I’m a little behind on my blog as I’ve been busy with other things these last few days. So now it’s time to do some catching up…

If you recall from Part 1 of my report detailing my 72V upgrade, things were basically up and working, however it was clear that all was not well with the 12V electrics. The first indication of this was that the indicators would no longer blink. This was perplexing as I couldn’t imagine what I might have done to damage them. The only thing that had changed was my substitution of the homemade 72V-12V converter for the one that used to serve the 48/60V electrics. This was puzzling. The lights all worked fine, so clearly 12V of power was getting through okay.

Eventually it became clear what was happening when I tried to connect my new battery meter to the 12V system: The battery meter would not work unless I reversed it’s own red/black power wires: It appeared that the polarity of my whole 12V system was now reversed. The homemade PSU was producing -12V, not +12V.

At this point things took a turn for the worse. A misunderstanding about what I needed to do to rewire the PSU solution so I got +12V instead resulted in me feeding 90V to the 12V system. When I tried the lights, the headlight bulb promptly exploded. The rear bulb and two of the little bulbs on the instrument display got blown too. I really should have used my multimeter before doing anything as daft as turning things on, but I was tired and getting impatient.

Ouch! Stupid… stupid… stupid…

At this point I decided to abandon the PSU solution altogether. It’s a perfectly good way to get things up and running, but the PSU does consume quite a bit of energy. I wanted to preserve the range as much as possible as well as increasing the performance, so I wanted a more energy-efficient solution than this. Andy (the Sparklight guy) had already said that he could probably come up with something better suited for the job, and so I thought I’d see how that turned out first. In the mean time, I decided to just use Battery 1 for the 12V power source, via a cable hooked up to the three-way connector that powers the bike’s 12V system.

Battery 1 hooked up to a mini-connector (bottom right) serves the 12V system for now

Another cable hooked up to the one powering the 12V system can be used to check the battery level and top it up using a separate charger if it needs balancing.

Securing the Power Cables to the Anderson Connector

The main thing left unfinished before was the main power connection. My Anderson Connector was properly plumbed into the battery system on the bike’s side, but the connections to the controller had yet to be properly secured. For the purposes of my test-drive, I’d just rigged up a temporary connection, like so:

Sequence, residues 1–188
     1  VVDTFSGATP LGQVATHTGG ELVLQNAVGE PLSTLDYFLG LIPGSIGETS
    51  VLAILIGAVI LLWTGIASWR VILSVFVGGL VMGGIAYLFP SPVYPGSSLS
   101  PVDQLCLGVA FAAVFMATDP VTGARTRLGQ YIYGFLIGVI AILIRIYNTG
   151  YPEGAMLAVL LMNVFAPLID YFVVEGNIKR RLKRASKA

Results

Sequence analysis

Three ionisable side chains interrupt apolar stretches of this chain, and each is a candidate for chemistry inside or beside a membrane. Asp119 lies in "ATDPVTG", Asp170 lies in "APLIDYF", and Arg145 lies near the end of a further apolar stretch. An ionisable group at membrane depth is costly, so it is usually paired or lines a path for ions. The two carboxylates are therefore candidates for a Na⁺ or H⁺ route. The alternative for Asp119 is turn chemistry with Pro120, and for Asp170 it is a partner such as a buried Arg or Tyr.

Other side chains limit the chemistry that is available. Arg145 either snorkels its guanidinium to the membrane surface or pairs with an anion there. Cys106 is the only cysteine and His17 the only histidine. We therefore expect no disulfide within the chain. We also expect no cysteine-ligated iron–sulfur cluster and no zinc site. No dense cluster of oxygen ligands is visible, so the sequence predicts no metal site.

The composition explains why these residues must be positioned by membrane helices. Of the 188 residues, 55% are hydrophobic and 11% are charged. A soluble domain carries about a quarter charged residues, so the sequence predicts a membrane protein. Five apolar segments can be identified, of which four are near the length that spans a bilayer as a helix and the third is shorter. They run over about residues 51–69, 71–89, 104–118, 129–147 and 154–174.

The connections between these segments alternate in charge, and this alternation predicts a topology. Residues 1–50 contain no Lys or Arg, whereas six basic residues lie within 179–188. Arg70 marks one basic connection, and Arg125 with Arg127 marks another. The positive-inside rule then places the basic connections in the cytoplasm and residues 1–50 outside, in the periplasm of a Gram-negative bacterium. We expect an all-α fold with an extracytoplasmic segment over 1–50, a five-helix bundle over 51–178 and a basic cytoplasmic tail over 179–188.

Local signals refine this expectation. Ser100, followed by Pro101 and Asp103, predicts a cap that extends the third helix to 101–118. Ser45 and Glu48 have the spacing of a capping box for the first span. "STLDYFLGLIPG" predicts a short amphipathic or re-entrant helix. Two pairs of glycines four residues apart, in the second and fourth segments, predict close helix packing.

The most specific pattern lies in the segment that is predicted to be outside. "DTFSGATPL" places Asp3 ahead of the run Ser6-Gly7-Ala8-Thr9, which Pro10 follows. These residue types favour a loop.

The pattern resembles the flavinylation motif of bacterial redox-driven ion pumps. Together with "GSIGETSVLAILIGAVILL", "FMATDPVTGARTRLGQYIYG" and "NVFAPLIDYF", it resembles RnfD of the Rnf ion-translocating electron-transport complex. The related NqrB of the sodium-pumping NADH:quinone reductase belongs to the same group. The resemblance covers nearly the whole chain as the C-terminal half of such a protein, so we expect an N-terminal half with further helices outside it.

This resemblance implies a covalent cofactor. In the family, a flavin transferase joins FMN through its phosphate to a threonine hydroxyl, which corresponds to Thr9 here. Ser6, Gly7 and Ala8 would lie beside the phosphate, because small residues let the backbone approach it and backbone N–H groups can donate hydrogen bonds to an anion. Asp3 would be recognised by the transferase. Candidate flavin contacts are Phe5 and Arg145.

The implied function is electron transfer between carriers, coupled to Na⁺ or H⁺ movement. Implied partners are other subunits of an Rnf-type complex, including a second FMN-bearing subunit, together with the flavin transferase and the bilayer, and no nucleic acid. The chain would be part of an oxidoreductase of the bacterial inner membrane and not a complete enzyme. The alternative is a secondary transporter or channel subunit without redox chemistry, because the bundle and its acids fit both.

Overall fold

The ‘bodge’. Fine just to just check that it works, but not a permanent solution…

This is really the most important connection of the whole bike. However the wires from the controller are quite a bit thinner than the crimps for the Anderson connector, so – like others in the Electric Motoring Forum – I elected to ‘double-crimp’ these by using the existing connectors on the wires as ‘fodder’ for the larger crimps.

Here’s the main motor power cable as it came on my controller. It came as one of three spade connectors housed in a triangular-style three-pin plug with the ground and the low-current feed-wire for the controller. Since this connector isn’t in use on our bike, it needed dismantling into its component wires. This and the black (ground) wire need to be crimped into an Anderson Connector to connect with the one served by the main power cables on the bike, and the low-current wire has already been connected up to the two-pin mini connector that also takes the the brake wire (see blog of 22/08).

First I just folded over the spade  so it fits inside the Anderson crimp.

To pad out the crimp for a tight fit, I’ve used 10mm lengths of thick copper wire I took from an old cooker cable.

I pack the spade connector in with this ‘filler’ then crimp it for a good solid connection.

Next a bit of heat-shrink for insulation before it is clipped into its Anderson connector along with the black ground-wire.

The Anderson Connector (left) for the controller power cables, connected to its counterpart (right) which takes power from the main battery bank via the breaker switch.

So the 72V system is properly up and running. The only other thing I’m missing now is the regen braking, which does not appear to be supported by this controller. The makers of the chatparts.com controller that I also have insist that regen is working on theirs, but I have to add all the right connectors to it before I can try it out on the bike.

For now, though, I’m just glad that it’s all working. I should hear something soon from Andy about the prospect of a custom 12V adapter box, but for now I’ll just have to keep unplugging and re-plugging that underseat connector that I’m using for the time being…


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